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Use of Antidepressants and Suicide Rate in Finland: An Ecological Study

J Clin Psychiatry 2007;68(4):505-511

Objective: The suicide rate has decreased in many countries, while the use of antidepressants has increased greatly. The aim of this study was to investigate the associations between use of antidepressants and suicide rate.

Method: Population-based suicide rates and reimbursed prescriptions of antidepressants between 1994 and 2001 in Finland were analyzed in the whole population, and separately by gender, age, and geographical region.

Results: There were significant differences in suicide rates between men and women (p < .0001), but there were no differences between different regions of the country. The decline in the suicide rate was significantly associated with use of antidepressants among men aged 15 to 44 (p < .0001), 45 to 64 (p = .0005), and 75 years and over (p = .001) and men in 3 regions (p < .001). The decline in the suicide rate was significantly associated with the use of antidepressants among 15- to 44-year-old women (p = .008) and women in 1 region (p = .013). Use of antidepressants had a significant association with the decrease in the suicide rate (risk ratio = 0.08, 95% CI 0.02 to 0.30, p < .001), despite the effect of background variables, their interaction, and the course of time.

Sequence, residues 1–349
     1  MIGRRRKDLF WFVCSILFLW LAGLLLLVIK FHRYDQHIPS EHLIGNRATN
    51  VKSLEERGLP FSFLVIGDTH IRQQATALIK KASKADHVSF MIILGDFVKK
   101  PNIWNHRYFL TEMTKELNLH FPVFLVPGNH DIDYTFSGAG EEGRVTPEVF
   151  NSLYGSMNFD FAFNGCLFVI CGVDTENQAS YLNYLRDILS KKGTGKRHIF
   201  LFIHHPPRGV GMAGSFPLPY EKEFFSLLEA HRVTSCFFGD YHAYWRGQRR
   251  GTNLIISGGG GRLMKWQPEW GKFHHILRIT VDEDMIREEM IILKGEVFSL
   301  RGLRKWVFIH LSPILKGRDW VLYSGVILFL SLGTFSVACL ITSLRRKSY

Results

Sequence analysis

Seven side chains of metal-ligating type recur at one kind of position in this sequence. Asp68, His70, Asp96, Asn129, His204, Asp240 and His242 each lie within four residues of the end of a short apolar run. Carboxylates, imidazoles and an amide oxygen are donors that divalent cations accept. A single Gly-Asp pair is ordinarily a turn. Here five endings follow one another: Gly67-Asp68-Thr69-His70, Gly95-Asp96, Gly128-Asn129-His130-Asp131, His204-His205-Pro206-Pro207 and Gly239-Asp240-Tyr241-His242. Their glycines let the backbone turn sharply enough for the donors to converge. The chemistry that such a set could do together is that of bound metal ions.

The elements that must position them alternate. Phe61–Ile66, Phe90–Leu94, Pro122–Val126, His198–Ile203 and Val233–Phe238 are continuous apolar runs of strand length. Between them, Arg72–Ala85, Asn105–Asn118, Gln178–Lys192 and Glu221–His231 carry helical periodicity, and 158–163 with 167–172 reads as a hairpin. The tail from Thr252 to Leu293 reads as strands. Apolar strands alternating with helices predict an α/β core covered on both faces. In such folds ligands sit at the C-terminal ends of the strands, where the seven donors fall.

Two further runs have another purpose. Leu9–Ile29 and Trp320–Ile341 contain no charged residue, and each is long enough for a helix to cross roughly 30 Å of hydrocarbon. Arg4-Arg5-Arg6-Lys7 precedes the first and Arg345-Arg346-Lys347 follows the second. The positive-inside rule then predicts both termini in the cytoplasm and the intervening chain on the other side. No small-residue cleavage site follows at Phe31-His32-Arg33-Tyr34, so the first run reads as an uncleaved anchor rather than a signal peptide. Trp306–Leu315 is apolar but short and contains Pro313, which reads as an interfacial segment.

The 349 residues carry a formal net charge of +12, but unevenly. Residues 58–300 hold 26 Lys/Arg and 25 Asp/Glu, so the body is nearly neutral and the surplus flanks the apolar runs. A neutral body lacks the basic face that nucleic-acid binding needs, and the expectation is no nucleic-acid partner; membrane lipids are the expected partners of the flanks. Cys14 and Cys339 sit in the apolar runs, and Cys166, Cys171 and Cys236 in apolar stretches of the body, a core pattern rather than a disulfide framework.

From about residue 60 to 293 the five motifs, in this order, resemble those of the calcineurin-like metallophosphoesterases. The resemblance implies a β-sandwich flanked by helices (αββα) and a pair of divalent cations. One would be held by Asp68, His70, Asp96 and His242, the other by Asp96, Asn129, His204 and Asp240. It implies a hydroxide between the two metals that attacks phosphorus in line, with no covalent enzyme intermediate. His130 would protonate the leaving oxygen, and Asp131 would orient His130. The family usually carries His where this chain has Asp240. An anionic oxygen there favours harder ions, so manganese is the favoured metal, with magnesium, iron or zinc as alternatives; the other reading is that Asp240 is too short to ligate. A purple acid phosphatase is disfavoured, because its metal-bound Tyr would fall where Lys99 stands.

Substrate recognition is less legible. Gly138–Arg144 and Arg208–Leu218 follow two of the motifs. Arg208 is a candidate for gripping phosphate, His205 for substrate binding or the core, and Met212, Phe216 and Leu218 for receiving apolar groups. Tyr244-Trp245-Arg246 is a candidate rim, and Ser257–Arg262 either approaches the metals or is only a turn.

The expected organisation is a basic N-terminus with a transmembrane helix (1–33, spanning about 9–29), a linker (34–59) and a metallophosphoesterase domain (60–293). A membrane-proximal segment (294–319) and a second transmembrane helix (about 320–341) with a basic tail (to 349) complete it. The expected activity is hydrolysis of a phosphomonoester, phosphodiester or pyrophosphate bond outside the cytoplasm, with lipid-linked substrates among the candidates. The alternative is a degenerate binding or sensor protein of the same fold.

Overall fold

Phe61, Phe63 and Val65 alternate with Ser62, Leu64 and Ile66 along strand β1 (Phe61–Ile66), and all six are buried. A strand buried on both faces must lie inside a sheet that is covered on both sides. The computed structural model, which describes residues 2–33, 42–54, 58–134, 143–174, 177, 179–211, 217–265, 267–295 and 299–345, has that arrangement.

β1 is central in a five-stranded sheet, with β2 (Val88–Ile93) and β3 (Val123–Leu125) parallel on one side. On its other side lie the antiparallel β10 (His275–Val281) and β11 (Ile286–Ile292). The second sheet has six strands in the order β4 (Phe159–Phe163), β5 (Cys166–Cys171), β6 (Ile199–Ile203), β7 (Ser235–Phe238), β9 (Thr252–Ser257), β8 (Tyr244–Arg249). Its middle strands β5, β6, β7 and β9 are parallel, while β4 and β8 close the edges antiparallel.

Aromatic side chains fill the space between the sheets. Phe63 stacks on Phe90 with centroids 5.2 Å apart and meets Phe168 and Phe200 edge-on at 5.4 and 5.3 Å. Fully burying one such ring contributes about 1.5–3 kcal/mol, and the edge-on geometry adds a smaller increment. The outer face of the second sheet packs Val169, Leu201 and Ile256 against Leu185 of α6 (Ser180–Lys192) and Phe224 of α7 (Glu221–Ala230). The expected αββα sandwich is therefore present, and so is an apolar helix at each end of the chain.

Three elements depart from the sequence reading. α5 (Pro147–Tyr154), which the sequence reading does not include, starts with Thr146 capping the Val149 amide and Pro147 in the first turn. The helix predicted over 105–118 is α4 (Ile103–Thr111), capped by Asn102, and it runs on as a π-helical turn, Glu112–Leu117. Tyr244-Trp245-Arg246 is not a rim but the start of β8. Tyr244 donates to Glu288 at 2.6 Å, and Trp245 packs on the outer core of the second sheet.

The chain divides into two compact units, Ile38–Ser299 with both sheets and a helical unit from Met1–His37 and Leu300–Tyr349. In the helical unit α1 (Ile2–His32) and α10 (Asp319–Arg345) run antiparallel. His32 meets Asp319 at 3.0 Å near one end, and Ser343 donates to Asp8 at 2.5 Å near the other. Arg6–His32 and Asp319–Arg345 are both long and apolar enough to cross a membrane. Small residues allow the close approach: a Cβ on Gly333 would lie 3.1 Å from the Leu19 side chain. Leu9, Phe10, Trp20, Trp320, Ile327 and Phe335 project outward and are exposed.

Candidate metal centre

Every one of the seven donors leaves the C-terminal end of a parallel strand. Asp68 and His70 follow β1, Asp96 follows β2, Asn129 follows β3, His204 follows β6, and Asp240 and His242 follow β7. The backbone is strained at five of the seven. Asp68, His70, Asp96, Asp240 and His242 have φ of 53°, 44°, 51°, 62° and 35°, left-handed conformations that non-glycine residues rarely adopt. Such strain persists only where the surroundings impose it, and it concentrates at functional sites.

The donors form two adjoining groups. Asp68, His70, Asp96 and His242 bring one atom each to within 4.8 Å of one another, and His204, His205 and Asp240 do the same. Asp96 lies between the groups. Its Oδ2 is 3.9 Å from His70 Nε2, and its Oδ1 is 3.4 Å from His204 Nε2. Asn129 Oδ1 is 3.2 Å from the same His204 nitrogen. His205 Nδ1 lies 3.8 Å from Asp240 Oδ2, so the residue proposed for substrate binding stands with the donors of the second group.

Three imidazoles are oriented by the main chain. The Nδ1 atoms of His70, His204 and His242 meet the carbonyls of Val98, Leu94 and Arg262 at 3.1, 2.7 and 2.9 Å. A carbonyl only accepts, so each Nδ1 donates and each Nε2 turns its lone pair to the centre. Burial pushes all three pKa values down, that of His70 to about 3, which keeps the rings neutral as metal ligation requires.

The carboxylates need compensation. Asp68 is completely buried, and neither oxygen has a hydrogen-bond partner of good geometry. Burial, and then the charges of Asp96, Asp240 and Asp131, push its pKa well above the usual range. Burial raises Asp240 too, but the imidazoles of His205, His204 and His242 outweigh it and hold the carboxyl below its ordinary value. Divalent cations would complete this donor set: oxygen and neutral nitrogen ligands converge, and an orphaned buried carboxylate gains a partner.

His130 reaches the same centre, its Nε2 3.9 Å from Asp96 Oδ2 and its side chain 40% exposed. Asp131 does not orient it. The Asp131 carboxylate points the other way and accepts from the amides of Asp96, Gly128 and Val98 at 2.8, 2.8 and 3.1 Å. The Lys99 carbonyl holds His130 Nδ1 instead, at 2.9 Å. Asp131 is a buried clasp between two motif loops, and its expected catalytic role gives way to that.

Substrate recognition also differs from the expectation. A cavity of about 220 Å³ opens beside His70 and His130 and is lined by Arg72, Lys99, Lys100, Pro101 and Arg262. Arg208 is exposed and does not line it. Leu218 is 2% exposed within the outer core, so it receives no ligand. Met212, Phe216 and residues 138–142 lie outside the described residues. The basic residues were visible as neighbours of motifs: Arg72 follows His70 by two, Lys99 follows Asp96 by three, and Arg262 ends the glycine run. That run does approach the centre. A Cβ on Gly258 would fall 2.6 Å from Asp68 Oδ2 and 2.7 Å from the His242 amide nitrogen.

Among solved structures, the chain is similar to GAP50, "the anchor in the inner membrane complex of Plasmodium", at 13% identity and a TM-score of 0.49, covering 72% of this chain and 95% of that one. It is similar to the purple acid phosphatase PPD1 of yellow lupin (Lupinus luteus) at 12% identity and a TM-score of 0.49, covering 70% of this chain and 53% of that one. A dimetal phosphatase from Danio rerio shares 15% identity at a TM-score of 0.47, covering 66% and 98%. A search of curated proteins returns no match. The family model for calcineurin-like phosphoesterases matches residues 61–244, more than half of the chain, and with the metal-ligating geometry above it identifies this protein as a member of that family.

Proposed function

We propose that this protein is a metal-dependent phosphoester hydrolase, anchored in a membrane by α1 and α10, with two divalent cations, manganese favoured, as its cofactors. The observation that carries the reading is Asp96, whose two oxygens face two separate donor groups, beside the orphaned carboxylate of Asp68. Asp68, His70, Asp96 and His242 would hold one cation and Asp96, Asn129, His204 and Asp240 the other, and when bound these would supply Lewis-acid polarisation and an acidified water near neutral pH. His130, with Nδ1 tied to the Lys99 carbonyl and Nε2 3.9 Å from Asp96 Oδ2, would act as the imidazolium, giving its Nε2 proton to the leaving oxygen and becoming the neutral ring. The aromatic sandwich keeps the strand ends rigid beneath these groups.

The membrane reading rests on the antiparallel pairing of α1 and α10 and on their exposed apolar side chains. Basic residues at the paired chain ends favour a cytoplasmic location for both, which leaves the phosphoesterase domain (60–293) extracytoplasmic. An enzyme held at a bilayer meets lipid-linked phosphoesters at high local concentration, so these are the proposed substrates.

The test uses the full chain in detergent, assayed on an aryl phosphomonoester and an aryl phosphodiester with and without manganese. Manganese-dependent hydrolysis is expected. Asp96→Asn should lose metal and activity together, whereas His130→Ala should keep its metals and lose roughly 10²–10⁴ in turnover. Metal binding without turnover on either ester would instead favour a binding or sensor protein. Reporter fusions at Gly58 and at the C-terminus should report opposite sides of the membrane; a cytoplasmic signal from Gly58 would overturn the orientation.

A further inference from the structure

Conclusions: An increase in the use of antidepressants may decrease the suicide rate. Baseline suicide rate and access to health care may influence this association.​